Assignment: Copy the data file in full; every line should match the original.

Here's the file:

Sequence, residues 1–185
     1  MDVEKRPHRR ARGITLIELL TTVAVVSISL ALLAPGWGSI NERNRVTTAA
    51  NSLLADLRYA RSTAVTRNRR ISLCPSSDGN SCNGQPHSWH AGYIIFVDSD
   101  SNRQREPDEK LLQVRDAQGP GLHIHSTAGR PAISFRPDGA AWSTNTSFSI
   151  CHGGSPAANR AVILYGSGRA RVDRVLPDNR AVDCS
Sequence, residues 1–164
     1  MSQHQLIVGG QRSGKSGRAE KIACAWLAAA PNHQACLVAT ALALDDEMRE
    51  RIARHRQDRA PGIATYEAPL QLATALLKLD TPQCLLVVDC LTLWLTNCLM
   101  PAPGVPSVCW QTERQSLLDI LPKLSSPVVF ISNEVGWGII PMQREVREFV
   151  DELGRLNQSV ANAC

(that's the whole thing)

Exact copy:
Sequence, residues 1–185
     1  MDVEKRPHRR ARGITLIELL TTVAVVSISL ALLAPGWGSI NERNRVTTAA
    51  NSLLADLRYA RSTAVTRNRR ISLCPSSDGN SCNGQPHSWH AGYIIFVDSD
   101  SNRQREPDEK LLQVRDAQGP GLHIHSTAGR PAISFRPDGA AWSTNTSFSI
   151  CHGGSPAANR AVILYGSGRA RVDRVLPDNR AVDCS
Sequence, residues 1–164
     1  MSQHQLIVGG QRSGKSGRAE KIACAWLAAA PNHQACLVAT ALALDDEMRE
    51  RIARHRQDRA PGIATYEAPL QLATALLKLD TPQCLLVVDC LTLWLTNCLM
   101  PAPGVPSVCW QTERQSLLDI LPKLSSPVVF ISNEVGWGII PMQREVREFV
   151  DELGRLNQSV ANAC